What is a land lease? Understanding how land lease agreements work can be difficult. However, if you are a landowner or a potential lessee interested in leasing land, you must understand how a land lease works. So, to get you started, here’s a great overview of the key things you should know about land lease agreements.
What is a land lease?
When you purchase a home as part of a land lease, there is one major difference from a typical residential real estate transaction. With a land lease, you don’t own the land on which the house is built. As such, you only own the house while you lease the land from an owner, which could be an individual or company.
Land leases are much more common with commercial properties. But there are some situations in which they’re used for residential homes as well. A residential land-lease arrangement might seem more ideal for a mobile home. This is because you can move the home when the lease is up. However, there are also single-family homes, such as vacation getaways in coastal areas, on land that has been leased for many years.
Type of land leases
The two main types of land leases are subordinated and unsubordinated, although unsubordinated leases are much more common because they provide more rights to the owner of the land.
Subordinated land lease
With a subordinated land lease, a landowner agrees that the title of the property will be used for a leasehold mortgage for the tenant’s loan on improvements to the property. That is beneficial to the lessee because it can increase their chances of getting a construction loan. However, a subordinated land lease agreement can be risky for the owner. If the lessee defaults on his or her construction loan, the loan could result in foreclosure. This means the owner could lose his or her title to the real estate property itself. Due to the riskiness for the owner, he or she may demand an increase in rental fees for the land lease and impose stricter control over the lease transactions.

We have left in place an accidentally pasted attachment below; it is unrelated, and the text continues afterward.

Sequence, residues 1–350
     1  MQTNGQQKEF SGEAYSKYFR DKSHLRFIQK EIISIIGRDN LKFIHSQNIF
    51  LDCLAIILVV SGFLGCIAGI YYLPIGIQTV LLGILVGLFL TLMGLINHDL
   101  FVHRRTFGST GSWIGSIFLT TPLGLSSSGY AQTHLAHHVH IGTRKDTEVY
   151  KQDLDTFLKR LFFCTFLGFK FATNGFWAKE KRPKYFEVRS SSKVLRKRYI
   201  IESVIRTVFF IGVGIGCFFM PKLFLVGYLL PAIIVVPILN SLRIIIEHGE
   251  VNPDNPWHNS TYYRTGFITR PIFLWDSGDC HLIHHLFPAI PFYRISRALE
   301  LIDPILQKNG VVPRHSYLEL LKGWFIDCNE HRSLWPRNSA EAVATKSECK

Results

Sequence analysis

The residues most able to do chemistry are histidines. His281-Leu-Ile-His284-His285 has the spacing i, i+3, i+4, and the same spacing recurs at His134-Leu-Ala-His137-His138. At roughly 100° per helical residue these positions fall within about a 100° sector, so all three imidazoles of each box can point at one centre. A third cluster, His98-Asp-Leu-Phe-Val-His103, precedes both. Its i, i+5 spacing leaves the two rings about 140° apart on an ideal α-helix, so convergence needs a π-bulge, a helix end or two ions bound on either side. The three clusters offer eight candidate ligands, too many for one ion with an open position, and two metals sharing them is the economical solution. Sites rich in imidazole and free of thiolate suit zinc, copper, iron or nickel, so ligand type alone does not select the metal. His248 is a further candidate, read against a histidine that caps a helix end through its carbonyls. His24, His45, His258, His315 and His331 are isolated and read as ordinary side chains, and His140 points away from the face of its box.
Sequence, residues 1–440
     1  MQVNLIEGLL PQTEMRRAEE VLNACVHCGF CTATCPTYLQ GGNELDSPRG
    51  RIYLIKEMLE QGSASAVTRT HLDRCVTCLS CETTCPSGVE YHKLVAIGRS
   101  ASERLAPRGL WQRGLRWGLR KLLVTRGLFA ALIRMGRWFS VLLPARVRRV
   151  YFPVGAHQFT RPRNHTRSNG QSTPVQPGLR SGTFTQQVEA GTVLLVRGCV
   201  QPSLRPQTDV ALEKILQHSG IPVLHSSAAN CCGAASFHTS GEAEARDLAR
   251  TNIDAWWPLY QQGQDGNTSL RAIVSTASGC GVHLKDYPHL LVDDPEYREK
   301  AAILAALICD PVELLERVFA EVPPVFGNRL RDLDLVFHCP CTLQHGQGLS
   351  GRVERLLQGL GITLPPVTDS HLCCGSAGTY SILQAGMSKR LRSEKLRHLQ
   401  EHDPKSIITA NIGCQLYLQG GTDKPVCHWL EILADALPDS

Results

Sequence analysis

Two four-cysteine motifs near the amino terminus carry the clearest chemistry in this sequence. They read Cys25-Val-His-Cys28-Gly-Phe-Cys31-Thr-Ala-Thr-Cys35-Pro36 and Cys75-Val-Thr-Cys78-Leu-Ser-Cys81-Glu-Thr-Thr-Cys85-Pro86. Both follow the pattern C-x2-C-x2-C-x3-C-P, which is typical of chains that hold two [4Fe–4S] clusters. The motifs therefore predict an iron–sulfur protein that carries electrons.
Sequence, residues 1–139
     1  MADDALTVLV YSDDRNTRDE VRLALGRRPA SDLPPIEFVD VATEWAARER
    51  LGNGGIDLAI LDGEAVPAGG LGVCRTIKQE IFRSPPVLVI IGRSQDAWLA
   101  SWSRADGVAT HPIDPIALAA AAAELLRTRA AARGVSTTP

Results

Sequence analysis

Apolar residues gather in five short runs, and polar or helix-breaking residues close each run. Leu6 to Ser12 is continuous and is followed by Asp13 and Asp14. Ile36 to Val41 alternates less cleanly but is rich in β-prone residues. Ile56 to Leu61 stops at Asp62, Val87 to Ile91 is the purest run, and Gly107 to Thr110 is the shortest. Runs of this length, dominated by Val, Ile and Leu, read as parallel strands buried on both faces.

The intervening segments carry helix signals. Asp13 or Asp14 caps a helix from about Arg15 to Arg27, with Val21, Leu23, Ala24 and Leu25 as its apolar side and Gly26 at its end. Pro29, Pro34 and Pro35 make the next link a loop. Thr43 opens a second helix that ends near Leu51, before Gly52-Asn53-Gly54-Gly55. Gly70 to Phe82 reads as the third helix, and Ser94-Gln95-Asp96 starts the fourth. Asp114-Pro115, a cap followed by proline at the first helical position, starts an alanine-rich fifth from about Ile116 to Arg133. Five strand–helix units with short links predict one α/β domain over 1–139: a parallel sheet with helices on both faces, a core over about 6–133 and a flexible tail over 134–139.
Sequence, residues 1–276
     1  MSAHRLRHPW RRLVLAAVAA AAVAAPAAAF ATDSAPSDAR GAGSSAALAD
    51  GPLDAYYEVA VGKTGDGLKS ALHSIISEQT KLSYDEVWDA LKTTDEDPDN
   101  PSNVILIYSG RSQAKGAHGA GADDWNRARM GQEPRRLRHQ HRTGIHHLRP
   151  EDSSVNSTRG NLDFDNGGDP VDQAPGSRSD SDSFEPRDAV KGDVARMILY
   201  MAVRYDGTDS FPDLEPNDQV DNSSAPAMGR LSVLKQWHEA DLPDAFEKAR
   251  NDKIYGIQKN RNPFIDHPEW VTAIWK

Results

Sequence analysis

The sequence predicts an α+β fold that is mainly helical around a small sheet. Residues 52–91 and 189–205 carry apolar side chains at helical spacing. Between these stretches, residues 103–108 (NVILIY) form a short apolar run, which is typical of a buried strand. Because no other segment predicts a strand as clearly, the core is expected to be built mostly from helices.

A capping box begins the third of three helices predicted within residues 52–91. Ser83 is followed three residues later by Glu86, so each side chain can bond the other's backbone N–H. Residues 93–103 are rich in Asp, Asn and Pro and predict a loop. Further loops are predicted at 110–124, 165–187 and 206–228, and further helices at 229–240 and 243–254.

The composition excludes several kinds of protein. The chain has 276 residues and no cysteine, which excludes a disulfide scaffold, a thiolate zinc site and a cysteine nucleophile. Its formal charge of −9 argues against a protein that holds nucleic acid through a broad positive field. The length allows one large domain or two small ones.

Unsubordinated land lease
With an unsubordinated land lease agreement, the landowner does not permit the property to be used for a leasehold mortgage. That means there is no risk of foreclosure, so it is a safer option for landowners. If the tenant defaults on the construction loan, the ownership of the land improvement can go to the landowner. It could also increase the leasehold’s fair market value, which is beneficial for owners. Also, with an unsubordinated land lease agreement, the landowner may charge a lower rental fee because the agreement carries less risk.
Pros and cons of a land lease
Here is a look at some of the pros and cons of a land lease arrangement.
- Buying a home on a leased property could cost less than buying a single-family home outright because you’re not paying for the land. Also, if you’re going to live in a property that’s on the land and possibly improve it, you could try to get a deal on the cost of the lease.
- It’s also possible you could avoid paying the full property tax bill each year, but it depends on how much the property owner wants to charge you for that expense. You might be asked to pay it as part of your contract.
- If you move into a land-lease community, you could get amenities such as a recreation centre or pool as part of the overall cost of living there.
- There are some cons to land-lease agreements, however. A lender might not want to give you a mortgage on an unsubordinated lease if they are going to have fewer rights to recover their investment than the landowner.
- You also might not know whether there are environmental issues with the land, or where the potential property encroachments are, as an example.
- Another risk is that if your lease expires, the owners may evict you from the property. You can try to plan for what happens next if you know when a lease period ends, whether for your agreement with the landowner or the landowner’s personal lease. However, it takes a significant amount of money and time to plan and execute a move. If you are not prepared for it, this can be a major issue.